Our president I never met that evening, which was only for the better, because I was so angry, I might not have been on my best behavior; I just saw all to clearly the sad irony, that the president of the country which prides itself so much of its culture, doesn’t mind waiting on an airport runway for some second-rate pop-starlet to leave her plane after returning from the Eurovision Song Contest, a highly embarrassing display of pop culture in Europe, while when hiring one of Germany’s more succesful cello soloists to his own place, he not only ignores him completely but also let’s him dine at the staff’s table. Oh no, I have no ego problem, I am not a diva at all (if I was I would not even have started playing under such circumstances), but this was not only disrespect to us as musicians, but much worse to Bach and Mozart.
20 years ago I had played for our former president Richard von WeizsÃ¤cker, a highly cultured man who went to concerts frequently in Berlin, and after the residence concert he tookÂ his time to talk to me about music, never mind my youth and utter unimportance. Now, twenty years later, same place, different president, what a disappointmentâ€¦ At least I had some healing experience by visting a few days later a school in Berlin-NeukÃ¶lln, a district with a high percentage of kids with migration background. Oh, these children listened so extremely well, you could see the surprise in their faces when hearing for their first time a suite by J.S. Bach, never mind what their cultural background was. Their questions were well thought of and the 90 minutes of play and talk went by like nothing. And these are the kids our politicians are worried of loosing? I have great respect for politicians, it’s a tough job, I wouldn’t want it; but one thing is for sure: these twelve year olds were by far better listeners than their own president and his high profile guests!
Right now I am on my way back from Nottingham to Manchester after having played a Dvorak Concerto with Britain’s oldest orchestra, the marvelous HallÃ© Orchestra under AndrÃ© de Ridder. It wasn’t an easy performance, as they never are, these so-called “run outs”. We rehearsed yesterday afternoon in Manchester, drove today the two and a half hours to Nottingham, did a full dress rehearsal at 3:30 pm, then a quick dinner, pre-concert talk and performance at 7:30. I was facing a special handicap in form of my cello, or rather its new bridge. Already in Sydney my bridge was too low, and I had one not so great one made there (too thick, and also too low, what a waste of money!), so after I got back to Berlin I handed my cello over to my luthier who made a specially high bridge, just in case. What does it mean? Well, the bridge is the thing which holds the strings up, standing on the top of the cello between the two f-holes. If it’s too low, the strings will hit the fingerboard and start buzzing, as soon as we put too much pressure. If it’s too high, we need much more energy and strength to push the strings down and the cello might sound too tight.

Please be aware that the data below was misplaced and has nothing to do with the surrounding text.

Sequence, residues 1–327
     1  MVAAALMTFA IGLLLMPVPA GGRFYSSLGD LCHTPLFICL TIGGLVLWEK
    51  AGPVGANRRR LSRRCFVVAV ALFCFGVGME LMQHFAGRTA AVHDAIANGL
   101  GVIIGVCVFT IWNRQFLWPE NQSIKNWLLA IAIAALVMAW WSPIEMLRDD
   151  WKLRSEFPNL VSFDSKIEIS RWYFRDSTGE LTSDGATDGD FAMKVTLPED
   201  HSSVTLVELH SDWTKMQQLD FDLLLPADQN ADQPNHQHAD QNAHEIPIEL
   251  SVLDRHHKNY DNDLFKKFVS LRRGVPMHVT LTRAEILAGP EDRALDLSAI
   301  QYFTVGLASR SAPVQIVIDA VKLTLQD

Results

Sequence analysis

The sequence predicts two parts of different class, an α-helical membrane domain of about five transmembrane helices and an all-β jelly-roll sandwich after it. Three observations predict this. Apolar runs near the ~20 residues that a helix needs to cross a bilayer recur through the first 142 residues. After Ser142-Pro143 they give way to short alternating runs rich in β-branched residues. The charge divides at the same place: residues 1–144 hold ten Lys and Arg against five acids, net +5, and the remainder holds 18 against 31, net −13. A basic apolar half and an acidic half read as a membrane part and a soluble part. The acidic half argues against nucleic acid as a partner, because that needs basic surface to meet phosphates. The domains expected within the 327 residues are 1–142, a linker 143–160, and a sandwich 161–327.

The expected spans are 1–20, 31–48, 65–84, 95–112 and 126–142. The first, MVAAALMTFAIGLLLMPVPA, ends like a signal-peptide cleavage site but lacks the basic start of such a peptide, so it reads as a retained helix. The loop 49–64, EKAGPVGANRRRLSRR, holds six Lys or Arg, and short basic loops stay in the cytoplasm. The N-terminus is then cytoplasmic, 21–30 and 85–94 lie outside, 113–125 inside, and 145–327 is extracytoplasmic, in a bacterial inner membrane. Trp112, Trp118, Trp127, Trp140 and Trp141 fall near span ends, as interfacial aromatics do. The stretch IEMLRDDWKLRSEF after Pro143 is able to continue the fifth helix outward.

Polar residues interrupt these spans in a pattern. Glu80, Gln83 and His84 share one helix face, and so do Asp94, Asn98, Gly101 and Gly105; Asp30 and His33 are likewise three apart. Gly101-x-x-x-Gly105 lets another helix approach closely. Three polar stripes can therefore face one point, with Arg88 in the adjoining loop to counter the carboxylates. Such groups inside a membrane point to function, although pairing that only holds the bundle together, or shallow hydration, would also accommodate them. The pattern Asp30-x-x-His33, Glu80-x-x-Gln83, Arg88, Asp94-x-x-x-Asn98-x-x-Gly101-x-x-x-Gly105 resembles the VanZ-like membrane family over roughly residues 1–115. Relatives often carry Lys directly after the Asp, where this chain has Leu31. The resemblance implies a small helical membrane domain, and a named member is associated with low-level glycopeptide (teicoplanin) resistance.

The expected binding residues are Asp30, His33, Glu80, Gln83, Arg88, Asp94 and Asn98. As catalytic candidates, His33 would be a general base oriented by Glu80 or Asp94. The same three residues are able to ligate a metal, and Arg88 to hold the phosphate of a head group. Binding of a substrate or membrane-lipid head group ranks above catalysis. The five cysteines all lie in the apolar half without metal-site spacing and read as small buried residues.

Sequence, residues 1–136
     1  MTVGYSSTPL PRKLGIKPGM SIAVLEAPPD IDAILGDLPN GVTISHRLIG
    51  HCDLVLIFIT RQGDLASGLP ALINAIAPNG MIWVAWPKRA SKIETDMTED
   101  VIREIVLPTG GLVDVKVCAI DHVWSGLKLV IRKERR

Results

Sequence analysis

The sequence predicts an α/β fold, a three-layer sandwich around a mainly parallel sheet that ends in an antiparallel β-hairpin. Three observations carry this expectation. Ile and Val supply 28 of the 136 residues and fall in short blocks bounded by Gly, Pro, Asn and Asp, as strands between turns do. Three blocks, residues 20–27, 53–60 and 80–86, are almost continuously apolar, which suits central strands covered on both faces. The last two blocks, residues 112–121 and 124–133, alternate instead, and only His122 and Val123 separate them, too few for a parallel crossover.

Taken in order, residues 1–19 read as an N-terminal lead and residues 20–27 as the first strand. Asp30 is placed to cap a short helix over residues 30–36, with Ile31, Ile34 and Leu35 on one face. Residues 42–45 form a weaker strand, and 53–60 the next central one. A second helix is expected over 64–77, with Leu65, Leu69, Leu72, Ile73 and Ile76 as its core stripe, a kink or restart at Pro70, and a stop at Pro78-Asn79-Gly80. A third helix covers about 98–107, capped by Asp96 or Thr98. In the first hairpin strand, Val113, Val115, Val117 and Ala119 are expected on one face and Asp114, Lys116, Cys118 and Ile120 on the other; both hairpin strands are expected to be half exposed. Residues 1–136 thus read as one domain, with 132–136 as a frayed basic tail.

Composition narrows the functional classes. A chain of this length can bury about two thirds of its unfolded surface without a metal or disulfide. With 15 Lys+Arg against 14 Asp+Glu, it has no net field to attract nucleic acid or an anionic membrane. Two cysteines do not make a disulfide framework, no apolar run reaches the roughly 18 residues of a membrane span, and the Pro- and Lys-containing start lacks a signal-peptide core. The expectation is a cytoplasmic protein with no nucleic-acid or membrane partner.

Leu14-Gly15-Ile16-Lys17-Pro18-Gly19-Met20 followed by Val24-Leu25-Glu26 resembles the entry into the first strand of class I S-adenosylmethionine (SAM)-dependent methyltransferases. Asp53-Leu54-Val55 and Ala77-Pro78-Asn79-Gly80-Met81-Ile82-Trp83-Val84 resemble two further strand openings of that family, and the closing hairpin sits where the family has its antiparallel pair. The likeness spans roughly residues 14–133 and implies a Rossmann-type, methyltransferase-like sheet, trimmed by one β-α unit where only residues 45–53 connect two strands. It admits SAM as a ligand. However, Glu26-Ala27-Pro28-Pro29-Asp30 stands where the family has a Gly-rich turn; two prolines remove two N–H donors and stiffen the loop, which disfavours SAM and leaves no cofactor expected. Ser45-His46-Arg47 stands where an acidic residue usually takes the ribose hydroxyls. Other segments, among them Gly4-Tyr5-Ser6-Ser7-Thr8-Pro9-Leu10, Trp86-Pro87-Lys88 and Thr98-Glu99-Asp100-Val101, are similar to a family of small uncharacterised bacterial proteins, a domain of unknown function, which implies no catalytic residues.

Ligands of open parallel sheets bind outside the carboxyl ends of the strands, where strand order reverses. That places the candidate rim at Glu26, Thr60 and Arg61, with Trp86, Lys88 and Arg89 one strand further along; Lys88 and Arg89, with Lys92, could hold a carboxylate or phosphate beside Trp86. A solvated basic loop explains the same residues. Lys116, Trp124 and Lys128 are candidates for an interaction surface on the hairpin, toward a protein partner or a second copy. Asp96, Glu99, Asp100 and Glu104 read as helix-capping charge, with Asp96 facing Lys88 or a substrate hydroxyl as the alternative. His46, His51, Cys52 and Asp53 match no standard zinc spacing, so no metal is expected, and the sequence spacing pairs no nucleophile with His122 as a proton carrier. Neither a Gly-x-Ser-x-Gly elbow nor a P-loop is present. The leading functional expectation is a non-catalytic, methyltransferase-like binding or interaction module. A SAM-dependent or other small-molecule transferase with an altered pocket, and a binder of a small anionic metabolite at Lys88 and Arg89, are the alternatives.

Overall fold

Lazy me, having played on rather low strings for the past few years, suddenly had to work much harder, but I think the cello sounded better because of it – more brilliance and maybe even more sound, yet definitely more suffering from my part; my fingertips still hurt writing these words here. Good concert otherwise, very beautiful second half with Ravel and Debussy (La Mer), unfortunately without me in the section, because they didn’t have any spare partsâ€¦ 🙁
Tomorrow I am off back to Germany, performing and teaching for the first time in my life at the prestigious Cello Festival in a city near Frankfurt called Kronberg. Interesting to play for people who care so much for the cello; critical audience but knowledgeable I guess – we’ll see. The masterclass is tomorrow, rather short, two hours I reckon, and on Sunday I play Shostakovich’s First Concerto again, with the Kremerata Baltica – always fun to do that piece with a chamber orchestra, as they tend to be the most flexible and exciting.